VoxEU Column Environment

Wasted urban infrastructure: The city of Detroit

The decline of manufacturing employment in industrialised countries has hit some cities hard. This column looks at perhaps the best-known case – Detroit – where residents have deserted the neighbourhoods closest to the central business district in favour of the suburbs, despite the longer commute. Redeveloping these areas requires coordination between multiple developers, residents, and the city governments that facilitate permits and public services. The authors propose the introduction of ‘development guarantees’ to ease the coordination problems.

The decline of manufacturing employment in industrialised countries has left behind an urban shadow: a number of cities with slowly declining populations and income per capita. There are many examples, but perhaps the most iconic is the city of Detroit, a city where Ford invented the automotive production line and which still hosts the headquarters of the main US car-manufacturing firms. Detroit’s population has declined by roughly two thirds since the 1950s, when it peaked at 1.8 million. This decline has likely created frustration and dissatisfaction among some of the residents that still live there; more so because it has left large sections of Detroit dilapidated and vacant, and led to severe financial problems for its government. The city filed for Chapter 9 bankruptcy in 2013 (see Sugrue 2015 for an interesting account of Detroit’s economic history).

During the last half-century, the decline of Detroit, and many other Rust Belt cities, coincided with the fast growth of other US cities. San Jose, for example, grew by a factor of ten between 1950 and 2010 (from less than 100,000 people to more than one million). Why was the considerable urban infrastructure of Detroit wasted while, at the same time, new cities were being built from the ground up? Why did the city decline in a way that distorted its urban form to make it less attractive and viable?

Distorted Detroit

Detroit’s current distorted form is evident. A successful downtown area, with hundreds of thousands of jobs, is surrounded by blight – neighbourhoods composed largely of vacant buildings, or vacant lots that are a holdover from recently demolished properties. These residential areas, built before 1930, used to be occupied by blue-collar and some white-collar workers. Now, they are mostly empty. Downtown workers live primarily in areas located farther away from the centre, in suburbs that are well connected to downtown Detroit via a number of radial highways. This urban structure is surprising because it violates some of the basic principles of urban economics and urban design, namely, the principle that states that residential areas locate close to business areas to minimise the commuting needs of residents. This is particularly so if these areas are empty and the jobs in the downtown business centre do not generate any negative externalities, such as pollution. In other words, why is it that we do not see residential developers convert these vacant areas into thriving residential neighbourhoods? Would these newly developed residential areas be able to substitute for some of the successful outlying suburbs in the Detroit metro area, but offer a shorter commute? The answer is important, since it can explain why the massive urban investments of the past are being wasted.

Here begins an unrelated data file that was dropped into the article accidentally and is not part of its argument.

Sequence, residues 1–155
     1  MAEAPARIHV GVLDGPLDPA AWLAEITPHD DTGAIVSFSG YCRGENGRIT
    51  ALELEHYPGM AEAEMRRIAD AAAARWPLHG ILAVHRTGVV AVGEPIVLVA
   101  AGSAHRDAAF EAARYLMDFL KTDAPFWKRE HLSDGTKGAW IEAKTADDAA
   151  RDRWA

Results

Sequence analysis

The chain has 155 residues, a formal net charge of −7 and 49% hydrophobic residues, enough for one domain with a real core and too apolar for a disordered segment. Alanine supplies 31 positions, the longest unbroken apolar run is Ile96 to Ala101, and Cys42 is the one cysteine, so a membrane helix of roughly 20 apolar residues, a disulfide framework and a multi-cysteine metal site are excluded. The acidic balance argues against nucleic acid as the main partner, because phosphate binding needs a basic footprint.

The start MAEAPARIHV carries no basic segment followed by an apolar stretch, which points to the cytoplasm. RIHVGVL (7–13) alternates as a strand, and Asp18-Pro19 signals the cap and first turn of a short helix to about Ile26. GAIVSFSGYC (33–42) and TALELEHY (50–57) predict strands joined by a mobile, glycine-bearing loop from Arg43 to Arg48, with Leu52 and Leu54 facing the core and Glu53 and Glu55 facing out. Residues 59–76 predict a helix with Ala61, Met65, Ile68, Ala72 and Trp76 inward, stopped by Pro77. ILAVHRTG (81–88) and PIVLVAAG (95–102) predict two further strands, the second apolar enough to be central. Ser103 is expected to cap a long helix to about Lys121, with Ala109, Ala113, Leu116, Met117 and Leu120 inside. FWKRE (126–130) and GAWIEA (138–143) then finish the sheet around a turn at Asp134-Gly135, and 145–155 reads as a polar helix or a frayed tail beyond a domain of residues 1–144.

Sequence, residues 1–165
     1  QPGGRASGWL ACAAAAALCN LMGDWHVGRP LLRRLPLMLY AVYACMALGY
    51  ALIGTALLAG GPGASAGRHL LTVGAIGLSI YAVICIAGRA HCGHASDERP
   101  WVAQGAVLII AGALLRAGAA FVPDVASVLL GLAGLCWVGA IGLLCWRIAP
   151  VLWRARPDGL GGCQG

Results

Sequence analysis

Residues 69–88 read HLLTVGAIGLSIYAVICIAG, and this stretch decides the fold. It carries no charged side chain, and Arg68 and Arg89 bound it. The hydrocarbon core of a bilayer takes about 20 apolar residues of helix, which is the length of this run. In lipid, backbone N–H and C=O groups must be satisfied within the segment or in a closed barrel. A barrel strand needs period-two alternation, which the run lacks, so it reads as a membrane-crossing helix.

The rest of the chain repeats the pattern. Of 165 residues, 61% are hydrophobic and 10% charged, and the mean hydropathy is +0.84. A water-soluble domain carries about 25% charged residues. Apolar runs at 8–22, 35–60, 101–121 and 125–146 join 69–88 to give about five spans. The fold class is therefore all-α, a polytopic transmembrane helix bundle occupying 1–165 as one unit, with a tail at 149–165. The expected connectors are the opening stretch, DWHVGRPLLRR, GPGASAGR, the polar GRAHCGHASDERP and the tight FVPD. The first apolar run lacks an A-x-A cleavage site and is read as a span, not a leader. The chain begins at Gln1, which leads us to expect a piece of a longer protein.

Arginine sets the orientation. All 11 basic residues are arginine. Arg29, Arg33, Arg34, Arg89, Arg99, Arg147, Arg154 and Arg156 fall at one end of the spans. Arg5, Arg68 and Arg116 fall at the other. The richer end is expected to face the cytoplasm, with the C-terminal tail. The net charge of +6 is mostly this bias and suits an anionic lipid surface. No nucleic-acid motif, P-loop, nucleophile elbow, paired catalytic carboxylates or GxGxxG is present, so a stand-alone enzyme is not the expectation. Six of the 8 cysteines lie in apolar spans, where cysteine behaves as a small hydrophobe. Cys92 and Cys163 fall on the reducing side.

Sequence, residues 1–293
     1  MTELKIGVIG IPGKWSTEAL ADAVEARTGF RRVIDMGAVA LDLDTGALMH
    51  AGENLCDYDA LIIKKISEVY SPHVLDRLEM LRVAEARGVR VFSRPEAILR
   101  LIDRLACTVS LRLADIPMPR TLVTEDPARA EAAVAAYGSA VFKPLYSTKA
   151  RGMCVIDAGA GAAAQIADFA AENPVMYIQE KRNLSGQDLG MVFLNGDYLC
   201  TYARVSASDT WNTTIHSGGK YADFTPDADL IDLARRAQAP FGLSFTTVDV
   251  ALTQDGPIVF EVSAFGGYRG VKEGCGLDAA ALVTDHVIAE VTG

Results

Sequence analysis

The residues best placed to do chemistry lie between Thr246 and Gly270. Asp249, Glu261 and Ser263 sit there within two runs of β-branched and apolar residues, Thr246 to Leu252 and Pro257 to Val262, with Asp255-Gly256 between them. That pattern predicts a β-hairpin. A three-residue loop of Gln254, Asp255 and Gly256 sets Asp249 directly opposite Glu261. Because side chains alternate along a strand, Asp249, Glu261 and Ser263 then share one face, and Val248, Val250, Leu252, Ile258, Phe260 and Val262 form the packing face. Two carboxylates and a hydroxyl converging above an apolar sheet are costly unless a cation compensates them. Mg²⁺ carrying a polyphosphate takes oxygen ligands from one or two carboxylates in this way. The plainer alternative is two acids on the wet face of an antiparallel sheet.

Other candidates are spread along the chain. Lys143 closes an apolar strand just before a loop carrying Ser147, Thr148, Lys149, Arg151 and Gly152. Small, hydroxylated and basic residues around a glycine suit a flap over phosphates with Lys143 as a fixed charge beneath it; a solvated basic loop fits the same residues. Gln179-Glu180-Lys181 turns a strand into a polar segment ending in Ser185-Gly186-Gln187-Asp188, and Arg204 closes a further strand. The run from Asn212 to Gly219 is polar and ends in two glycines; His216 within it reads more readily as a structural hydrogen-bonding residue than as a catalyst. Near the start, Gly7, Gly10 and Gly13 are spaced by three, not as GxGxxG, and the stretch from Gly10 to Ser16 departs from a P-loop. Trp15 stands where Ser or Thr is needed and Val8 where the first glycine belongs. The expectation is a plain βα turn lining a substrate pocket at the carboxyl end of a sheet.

Developers and residents: A problem of coordination

In a new paper, we rationalise this urban outcome using neighbourhood residential externalities (Owens et al. 2017). Agents want to live close to other residents, since dense communities improve neighbourhood amenities. Local amenities generated by density can range from reductions in crime, to a greater variety of restaurants and other local services, to cheaper and better local government services. Independent of the particular form of these amenities, they are all facilitated by neighbourhood density. Of course, denser neighbourhoods are also more expensive and the additional availability of workers can have effects on local wages. Agents trade off all of these effects when they decide where to live. We argue that the scale required to successfully develop these neighbourhoods is too large for a single developer to undertake. As a result, developers do not internalise the residential externalities. Thus, development requires coordination between multiple developers, residents, and potentially the city governments that facilitate permits and public services.